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Hallyu 101: Lesson 1 – The Korean Wave

By Staff Writer | May 05, 2013 01:04 PM EDT

Hallyu - The Korean Wave
(Photo : @korean_wave1 Twitter)

Okay, so you know how to dance "Gangnam Style." You remember Stephen Colbert's feud with Rain. You watched Girls' Generation on The Late Show with David Letterman. And you are interested in knowing more about K-Pop and Korean pop culture. You've come to the right place.

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Hallyu 101 is a beginner's guide to all things related to the global phenomenon that is K-Pop. It is meant as a reference guide for old and new fans so that they may more easily enjoy Korean music, movies, and television.

Lesson 1: Just what is "hallyu" and the Korean wave?

Hallyu is a Korean word that represents the idea of Korean culture spreading around the world. It is a combination of two words, 'han,' the quality of being Korean, and 'ryu' which means "to flow." Put them together and you have what is more commonly known as the "Korean Wave."

There are several elements involved in the Korean Wave including music (K-Pop), fashion, movies, animation, television (K-drama and variety shows), as well as language and food.

Author and scholar Mark Ravina described 'hallyu' as "a surge in the international visibility of Korean culture" in his Introduction: Conceptualizing the Korean Wave.

When the Korean wave really started to kick off in the late 1990's, Korean entertainment and culture primarily spread to other parts of Asia. However, in the last five years or so, it has seen a greater presence in other parts of the world as well.

After the 1997 Asian financial crisis, the economy of South Korea began to move away from manufacturing and placed a lot more emphasis on the entertainment industries. A year later, the restriction on cultural imports from Japan was lifted, and worried about Japanese media flooding South Korea, the Ministry of Culture increased the budget for cultural industry departments in universities throughout the nation.

This elaborate system directly led to the thriving cultural technology industry of South Korea which today exports media and entertainment globally at an alarming rate.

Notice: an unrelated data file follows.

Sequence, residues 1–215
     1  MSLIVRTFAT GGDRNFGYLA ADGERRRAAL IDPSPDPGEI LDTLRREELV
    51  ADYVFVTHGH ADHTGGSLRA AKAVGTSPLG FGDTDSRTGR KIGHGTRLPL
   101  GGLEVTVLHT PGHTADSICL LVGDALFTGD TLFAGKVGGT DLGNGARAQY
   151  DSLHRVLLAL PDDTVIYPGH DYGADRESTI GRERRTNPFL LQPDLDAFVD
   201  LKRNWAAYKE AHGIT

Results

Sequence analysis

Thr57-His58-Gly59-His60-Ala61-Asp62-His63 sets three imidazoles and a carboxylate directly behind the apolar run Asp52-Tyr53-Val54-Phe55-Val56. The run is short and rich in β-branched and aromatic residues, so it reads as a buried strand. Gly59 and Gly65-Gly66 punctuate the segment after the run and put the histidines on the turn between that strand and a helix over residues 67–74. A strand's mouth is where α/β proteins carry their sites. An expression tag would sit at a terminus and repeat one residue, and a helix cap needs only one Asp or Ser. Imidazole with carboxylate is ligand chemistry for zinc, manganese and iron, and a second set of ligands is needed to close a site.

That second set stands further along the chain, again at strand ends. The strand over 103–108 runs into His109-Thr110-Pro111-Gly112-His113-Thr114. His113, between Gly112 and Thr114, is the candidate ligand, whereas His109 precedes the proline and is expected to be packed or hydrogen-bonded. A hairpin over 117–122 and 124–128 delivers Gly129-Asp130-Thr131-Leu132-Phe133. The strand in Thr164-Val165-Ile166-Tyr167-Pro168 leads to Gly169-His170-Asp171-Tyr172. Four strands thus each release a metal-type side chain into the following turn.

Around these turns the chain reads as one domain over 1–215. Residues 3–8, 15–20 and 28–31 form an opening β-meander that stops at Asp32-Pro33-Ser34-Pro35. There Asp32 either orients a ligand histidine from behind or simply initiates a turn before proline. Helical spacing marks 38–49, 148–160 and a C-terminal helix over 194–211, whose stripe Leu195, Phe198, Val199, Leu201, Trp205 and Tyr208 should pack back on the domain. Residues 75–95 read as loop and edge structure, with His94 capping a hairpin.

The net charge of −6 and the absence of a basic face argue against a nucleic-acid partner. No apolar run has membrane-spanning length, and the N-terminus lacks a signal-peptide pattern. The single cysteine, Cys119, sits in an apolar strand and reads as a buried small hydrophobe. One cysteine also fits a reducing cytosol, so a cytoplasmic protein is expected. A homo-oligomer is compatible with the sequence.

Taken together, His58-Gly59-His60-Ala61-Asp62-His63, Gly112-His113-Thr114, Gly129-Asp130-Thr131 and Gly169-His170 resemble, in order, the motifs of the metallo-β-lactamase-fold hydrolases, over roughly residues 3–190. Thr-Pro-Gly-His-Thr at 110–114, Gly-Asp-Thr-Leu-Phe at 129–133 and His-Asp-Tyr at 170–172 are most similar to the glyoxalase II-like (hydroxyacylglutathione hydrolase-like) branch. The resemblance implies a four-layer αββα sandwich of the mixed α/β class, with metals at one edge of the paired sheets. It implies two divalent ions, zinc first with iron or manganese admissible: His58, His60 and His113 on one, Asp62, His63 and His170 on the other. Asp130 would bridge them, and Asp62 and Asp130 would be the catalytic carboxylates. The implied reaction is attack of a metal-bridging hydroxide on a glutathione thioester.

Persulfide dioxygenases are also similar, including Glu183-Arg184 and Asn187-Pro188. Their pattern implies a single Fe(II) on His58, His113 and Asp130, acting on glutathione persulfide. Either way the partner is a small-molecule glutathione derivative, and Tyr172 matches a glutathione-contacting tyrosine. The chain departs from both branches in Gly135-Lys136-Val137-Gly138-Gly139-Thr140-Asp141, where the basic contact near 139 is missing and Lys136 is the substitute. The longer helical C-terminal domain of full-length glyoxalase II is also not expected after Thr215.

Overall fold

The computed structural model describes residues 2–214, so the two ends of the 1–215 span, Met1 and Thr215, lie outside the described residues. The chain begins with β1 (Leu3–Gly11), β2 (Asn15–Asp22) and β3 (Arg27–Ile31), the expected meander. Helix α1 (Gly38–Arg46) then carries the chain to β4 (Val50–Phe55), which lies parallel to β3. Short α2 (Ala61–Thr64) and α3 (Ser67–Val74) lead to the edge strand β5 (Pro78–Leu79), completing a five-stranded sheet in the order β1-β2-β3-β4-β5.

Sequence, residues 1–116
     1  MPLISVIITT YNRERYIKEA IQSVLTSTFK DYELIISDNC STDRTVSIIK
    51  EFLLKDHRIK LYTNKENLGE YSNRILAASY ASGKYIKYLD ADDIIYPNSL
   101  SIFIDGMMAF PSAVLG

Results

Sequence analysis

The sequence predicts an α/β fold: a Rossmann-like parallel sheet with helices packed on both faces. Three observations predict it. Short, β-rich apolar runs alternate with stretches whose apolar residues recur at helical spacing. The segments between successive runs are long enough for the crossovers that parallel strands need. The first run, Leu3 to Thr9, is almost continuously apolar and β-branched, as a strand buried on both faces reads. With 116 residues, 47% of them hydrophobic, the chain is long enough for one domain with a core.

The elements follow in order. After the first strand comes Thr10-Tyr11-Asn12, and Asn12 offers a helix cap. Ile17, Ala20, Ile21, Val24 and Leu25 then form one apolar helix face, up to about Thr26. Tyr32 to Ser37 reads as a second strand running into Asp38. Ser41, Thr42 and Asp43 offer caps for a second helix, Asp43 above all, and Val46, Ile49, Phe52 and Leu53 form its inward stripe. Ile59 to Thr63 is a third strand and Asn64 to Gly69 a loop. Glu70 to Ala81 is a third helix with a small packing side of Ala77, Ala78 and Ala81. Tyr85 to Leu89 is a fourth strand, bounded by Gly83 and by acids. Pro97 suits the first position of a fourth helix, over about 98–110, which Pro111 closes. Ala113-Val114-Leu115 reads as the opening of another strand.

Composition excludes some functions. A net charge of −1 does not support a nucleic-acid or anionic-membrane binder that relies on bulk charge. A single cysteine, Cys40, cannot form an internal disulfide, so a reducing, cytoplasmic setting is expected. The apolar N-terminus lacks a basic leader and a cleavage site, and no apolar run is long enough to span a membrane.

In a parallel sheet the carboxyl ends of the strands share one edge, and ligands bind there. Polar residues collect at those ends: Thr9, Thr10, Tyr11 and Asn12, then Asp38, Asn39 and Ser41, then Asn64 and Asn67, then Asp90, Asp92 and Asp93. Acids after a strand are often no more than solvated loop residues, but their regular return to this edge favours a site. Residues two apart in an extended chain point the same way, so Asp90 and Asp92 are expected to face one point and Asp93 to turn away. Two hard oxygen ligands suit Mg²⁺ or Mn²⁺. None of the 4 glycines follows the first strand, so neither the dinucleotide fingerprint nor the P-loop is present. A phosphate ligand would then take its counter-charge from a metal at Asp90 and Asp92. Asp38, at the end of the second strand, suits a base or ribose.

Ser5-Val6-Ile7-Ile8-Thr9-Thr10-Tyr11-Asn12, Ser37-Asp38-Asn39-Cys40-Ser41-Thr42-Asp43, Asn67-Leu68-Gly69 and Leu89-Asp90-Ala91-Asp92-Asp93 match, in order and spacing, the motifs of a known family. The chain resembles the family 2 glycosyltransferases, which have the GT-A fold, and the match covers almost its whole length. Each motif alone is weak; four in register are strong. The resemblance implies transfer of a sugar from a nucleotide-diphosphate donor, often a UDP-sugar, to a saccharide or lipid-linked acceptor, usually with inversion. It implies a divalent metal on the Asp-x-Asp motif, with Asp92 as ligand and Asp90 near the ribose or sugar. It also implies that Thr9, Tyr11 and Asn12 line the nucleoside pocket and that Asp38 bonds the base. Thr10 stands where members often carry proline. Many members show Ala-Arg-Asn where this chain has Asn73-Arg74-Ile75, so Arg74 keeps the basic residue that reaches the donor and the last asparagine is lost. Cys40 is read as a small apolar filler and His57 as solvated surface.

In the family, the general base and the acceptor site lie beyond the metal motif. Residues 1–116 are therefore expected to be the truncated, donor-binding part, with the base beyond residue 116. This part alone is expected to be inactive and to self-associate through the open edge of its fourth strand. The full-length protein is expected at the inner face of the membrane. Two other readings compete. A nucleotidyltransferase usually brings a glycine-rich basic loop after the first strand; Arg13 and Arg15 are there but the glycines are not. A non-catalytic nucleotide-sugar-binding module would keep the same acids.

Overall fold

During the 2000s, Korean television series began to fill the Asian markets and by the end of the decade K-Pop had pretty much dominated the Asian music scene.

The Korean Wave began to spread outside of Asia in 2009, thanks in large part to YouTube. Korean artists saw a huge rise in their international popularity through the release of their music videos on the popular website.

By the end of 2011, K-Pop videos on YouTube had amassed more than two billion views, and a year later the world was introduced to perhaps the most recognizable example of the hallyu wave, Psy's "Gangnam Style." Not only was it the first video to receive more than a billion online views, but "Gangnam Style" thrust the Korean Wave into the previously impenetrable American market.

In February 2000, Korean boy band H.O.T became the first modern K-Pop artist to perform overseas and held a sold-out concert in Beijing. Since then, there has been a steady increase in international concerts by Korean singers, and in the past two years there have been some major milestones in this aspect.

In 2011 the European market began to take notice of the Korean Wave. SM Entertainment, one of the biggest record labels in South Korea, held the first large-scale K-Pop concert in France and the event was attended by fans from all across Europe. Later that year the group Big Bang won an MTV Europe Music Award, the first major European music award given to an artist from South Korea.

And just this year, dance-pop group Super Junior became the first to hold a concert tour across South America for sold out shows in Brazil, Argentina, Peru, and Chile.

As more and more Korean artists focus their promotional activities overseas, recognition in world markets increases. The South Korean government recognizes the power of the Korean Wave in spreading other exports from the country as well.

Earlier this year, the Export-Import Bank of Korea made an astonishing decision to increase loans an credit guarantees worth over $900 million in the next few years to further spread the Korean Wave internationally. A spokesperson for the bank said that K-Pop, K-dramas, and Korean cuisine have huge growth potential worldwide and more investment and financial support was needed.

Hallyu has also contributed to the increase in tourism to South Korea.

While it seems that the Korean Wave is spreading like wild fire for the time being, some scholars have noted that it may be a short-lived fad. According to an international survey that asked people across Asia, Europe and the Americas about the future Korean culture's popularity in the world, over 66% of respondents believe that the Korean Wave will "subside in the next four years."

The US market remains the toughest for the Korean entertainment industry to crack. The popularity of K-Pop and Korean television and movies, for the time being, remains confined to large cities with thriving immigrant populations such as New York City and Los Angeles.

One American music executive suggested K-Pop will never truly succeed in the United States because music fans "would just be too critical about the lyrics and the acts' accents when singing in English."

Whatever the future of the Korean Wave may be, it is for certain that at the moment hallyu stars are rising to fame and recognition all around the world.   

 

 

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